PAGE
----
Dan Matjila, the former head of the Public Investment Corporation (PIC), appears at an inquiry into alleged wrongdoing and poor investment decisions on July 10 2019. REUTERS/ SIPHIWE SIBEKO
Dan Matjila, the former head of the Public Investment Corporation (PIC), appears at an inquiry into alleged wrongdoing and poor investment decisions on July 10 2019. REUTERS/ SIPHIWE SIBEKO

Former Public Investment Corporation (PIC)  CEO Dan Matjila on Thursday denied he forced two empowerment companies to merge so they could buy a stake in Total SA.

The PIC ultimately funded the  deal in 2015.  

Businessmen Lawrence Mulaudzi, who testified at the commission in March, said his company, Kilimanjaro Capital (Kilicap), approached the PIC in May 2015 to fund the acquisition of a 25% BEE stake in Total worth R1.7bn.

But despite signing an engagement letter with the PIC, Mulaudzi said Matjila told him he had to merge with Sipho Mseleku’s  Sakhumnotho group if they were to get any funding from the PIC. Mulaudzi said they were forced  to “form one consortium”, with each party holding 50% of the shares.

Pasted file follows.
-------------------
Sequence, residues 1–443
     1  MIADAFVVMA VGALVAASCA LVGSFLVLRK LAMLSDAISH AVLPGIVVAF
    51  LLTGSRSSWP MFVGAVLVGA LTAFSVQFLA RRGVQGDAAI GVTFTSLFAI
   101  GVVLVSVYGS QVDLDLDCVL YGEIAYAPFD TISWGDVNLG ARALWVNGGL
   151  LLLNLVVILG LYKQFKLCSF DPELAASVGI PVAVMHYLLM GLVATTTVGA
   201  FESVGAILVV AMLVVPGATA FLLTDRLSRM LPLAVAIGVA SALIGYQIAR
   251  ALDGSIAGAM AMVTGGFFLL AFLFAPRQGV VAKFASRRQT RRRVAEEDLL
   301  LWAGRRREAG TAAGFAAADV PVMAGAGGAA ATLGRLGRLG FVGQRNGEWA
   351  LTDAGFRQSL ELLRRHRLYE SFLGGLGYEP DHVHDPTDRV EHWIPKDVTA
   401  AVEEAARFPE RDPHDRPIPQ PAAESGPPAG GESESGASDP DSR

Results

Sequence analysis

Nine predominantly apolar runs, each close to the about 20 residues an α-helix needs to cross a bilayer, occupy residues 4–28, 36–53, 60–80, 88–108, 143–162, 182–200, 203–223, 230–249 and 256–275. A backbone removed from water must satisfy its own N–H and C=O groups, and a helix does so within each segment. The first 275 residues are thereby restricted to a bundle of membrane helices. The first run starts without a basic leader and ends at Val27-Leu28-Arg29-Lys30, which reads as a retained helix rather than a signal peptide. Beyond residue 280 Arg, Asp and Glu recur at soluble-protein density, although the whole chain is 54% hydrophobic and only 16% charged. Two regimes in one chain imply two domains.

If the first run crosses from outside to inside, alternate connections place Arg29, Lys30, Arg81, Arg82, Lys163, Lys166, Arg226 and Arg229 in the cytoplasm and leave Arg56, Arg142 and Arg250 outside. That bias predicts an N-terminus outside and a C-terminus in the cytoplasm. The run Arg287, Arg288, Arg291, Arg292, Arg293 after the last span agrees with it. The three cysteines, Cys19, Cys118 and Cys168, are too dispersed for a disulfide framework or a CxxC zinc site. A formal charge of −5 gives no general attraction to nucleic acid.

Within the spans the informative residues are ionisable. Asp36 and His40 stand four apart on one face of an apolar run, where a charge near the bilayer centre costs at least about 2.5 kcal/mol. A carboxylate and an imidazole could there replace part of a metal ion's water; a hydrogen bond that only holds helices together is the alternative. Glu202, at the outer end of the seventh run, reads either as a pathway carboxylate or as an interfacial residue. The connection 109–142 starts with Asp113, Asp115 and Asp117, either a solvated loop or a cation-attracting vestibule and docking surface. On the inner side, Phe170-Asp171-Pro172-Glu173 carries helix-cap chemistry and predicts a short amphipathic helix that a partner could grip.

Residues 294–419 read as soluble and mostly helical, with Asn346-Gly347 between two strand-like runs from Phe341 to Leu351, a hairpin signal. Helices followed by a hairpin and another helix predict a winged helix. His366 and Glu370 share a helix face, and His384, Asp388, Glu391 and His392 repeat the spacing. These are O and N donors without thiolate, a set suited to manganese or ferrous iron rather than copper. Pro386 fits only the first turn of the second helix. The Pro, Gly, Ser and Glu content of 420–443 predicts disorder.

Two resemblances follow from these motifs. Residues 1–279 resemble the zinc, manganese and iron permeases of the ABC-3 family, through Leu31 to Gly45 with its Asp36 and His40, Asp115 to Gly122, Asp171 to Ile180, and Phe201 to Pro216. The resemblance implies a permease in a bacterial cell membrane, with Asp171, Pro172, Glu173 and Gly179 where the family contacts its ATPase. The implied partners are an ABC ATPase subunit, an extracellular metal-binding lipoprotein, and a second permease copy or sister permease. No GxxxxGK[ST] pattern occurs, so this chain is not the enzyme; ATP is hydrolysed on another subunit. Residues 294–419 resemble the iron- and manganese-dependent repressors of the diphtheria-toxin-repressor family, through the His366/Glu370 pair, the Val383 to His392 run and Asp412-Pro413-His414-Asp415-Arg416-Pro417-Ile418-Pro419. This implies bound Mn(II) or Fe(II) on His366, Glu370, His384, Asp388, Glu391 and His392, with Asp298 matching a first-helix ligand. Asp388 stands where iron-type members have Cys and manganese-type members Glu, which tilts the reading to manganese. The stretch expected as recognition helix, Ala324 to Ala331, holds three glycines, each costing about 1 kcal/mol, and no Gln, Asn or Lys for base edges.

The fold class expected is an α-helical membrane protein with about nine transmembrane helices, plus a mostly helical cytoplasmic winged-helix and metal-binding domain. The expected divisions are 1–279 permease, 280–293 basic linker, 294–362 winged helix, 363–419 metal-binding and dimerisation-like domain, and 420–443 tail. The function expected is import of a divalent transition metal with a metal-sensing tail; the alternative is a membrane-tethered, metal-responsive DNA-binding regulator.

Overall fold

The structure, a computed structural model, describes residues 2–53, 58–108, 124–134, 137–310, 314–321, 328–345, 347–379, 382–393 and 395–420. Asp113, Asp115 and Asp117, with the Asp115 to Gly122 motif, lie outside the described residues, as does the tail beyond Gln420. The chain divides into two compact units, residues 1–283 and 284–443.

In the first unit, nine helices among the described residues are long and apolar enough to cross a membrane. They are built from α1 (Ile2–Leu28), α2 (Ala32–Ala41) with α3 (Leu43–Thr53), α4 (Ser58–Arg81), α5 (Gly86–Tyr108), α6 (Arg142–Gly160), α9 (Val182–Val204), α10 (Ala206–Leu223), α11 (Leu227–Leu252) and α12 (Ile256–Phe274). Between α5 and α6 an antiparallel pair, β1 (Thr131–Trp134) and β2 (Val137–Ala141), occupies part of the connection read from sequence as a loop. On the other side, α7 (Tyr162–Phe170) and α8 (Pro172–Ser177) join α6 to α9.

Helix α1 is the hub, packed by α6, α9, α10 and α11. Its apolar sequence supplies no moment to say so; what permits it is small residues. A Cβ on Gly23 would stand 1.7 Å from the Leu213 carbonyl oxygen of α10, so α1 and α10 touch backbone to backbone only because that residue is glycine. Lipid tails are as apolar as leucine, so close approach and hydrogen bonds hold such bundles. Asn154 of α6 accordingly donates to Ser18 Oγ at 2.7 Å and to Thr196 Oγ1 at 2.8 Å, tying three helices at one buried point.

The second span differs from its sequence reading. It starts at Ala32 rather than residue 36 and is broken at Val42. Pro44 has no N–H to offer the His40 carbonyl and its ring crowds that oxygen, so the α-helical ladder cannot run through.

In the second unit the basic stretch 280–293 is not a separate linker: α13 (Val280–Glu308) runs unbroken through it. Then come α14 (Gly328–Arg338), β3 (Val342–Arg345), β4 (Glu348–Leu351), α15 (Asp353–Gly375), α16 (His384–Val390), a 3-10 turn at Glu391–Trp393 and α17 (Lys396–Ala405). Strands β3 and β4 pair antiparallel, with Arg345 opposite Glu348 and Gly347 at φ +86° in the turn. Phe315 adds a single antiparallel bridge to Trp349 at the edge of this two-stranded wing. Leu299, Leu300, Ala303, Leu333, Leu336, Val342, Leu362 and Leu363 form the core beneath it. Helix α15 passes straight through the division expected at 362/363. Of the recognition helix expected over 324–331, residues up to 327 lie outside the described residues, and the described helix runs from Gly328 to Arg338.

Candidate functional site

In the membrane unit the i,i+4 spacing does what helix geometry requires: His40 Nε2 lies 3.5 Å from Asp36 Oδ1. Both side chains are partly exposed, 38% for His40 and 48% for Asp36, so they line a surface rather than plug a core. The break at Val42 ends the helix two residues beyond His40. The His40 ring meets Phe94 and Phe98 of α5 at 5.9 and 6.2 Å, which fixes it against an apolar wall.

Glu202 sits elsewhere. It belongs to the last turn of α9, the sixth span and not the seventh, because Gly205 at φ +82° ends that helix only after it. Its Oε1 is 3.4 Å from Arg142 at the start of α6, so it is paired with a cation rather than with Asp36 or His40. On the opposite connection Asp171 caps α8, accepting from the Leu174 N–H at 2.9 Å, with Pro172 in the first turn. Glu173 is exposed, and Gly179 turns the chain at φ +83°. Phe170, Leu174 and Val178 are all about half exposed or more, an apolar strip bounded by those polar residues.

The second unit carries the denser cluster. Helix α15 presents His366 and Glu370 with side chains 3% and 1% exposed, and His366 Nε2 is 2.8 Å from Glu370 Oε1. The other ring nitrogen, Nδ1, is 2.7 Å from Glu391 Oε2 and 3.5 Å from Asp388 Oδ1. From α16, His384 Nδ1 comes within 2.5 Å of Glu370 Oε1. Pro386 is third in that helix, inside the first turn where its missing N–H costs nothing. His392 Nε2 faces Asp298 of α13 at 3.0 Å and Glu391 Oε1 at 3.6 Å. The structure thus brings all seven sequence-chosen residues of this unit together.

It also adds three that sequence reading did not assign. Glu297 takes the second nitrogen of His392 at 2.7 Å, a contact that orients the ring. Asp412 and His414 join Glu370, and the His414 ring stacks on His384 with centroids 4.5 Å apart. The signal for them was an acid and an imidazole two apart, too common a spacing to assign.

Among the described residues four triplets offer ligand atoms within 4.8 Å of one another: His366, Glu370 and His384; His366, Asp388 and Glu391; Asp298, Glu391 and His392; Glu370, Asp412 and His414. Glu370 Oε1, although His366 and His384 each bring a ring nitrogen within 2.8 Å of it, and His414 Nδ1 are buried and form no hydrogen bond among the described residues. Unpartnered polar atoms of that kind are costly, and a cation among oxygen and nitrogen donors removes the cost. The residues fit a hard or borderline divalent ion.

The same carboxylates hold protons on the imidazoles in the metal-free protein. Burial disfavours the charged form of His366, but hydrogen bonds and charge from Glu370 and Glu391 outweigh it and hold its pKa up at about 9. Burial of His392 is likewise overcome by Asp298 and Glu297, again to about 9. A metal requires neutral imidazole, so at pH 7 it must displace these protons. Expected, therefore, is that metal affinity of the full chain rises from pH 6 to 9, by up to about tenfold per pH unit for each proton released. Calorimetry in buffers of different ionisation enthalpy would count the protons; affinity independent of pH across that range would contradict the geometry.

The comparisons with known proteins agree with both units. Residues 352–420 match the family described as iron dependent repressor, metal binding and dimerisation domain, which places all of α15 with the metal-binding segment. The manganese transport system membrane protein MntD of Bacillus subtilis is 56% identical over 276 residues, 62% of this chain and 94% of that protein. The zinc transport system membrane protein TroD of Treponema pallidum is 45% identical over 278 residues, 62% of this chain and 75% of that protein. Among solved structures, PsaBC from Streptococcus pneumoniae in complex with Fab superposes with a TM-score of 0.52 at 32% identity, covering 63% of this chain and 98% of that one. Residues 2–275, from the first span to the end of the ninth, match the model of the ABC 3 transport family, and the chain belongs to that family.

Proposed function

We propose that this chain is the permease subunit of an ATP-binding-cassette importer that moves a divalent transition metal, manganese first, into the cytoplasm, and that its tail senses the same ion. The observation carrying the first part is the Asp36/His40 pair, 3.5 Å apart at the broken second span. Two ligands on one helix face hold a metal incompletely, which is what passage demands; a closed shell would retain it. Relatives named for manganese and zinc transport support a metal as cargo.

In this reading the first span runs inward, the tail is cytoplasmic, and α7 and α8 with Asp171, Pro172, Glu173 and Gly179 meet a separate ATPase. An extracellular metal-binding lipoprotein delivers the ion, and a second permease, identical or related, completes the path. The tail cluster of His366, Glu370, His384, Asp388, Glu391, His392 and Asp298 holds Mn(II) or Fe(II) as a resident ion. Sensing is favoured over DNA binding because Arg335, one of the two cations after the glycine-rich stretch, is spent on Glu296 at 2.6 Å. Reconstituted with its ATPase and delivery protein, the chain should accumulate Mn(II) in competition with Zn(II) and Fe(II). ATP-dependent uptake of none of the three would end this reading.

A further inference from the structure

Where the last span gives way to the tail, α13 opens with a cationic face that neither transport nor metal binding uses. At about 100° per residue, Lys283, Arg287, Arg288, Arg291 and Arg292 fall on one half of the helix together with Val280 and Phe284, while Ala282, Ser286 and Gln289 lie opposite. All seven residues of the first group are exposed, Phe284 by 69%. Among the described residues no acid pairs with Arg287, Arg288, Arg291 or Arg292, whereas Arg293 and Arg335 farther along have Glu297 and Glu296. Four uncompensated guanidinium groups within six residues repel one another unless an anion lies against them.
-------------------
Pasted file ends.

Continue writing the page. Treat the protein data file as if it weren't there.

“We realised that if we did not merge into one consortium, we would not obtain the required approval letter that had to be issued by Dr Matjila,” Mulaudzi said.

Upon hearing the news of the directive from Matjila, which left his business partners “devastated”, Mulaudzi arranged to meet Mseleku at Sakhumnotho’s offices where they agreed to combine their bids. The PIC financed the deal and the stake in Total SA was successfully acquired. 

Mulaudzi’s testimony indicated that Matjila had inserted Sakhumnotho into the transaction late in the bidding process, at a point where Mulaudzi thought his company had an exclusive undertaking from the PIC to fund the transaction.

But on Thursday, Matjila said he gave no explicit instruction to Mulaudzi to combine his bid with Mseleku.

“I never mentioned it, but in my mind it was there,” said Matjila, in relation to Mulaudzi’s allegation. He said he “didn’t know what the nature of the force was”, in reference to the idea that he coerced the businessman.

Matjila admitted he did have a preference for the two entities to combine.  “The most important thing was that I was transparent to both of them. They both wanted a binding letter of expression. I was uncomfortable that a company with no history (Kilicap) was trying to get R1.7bn. Mseleku had history [with us]. So a broader consortium was better for the PIC,” said Matjila.

Matjila is expected to resume testimony next week. He is about  halfway through his prepared statement. 

thompsonw@businesslive.co.za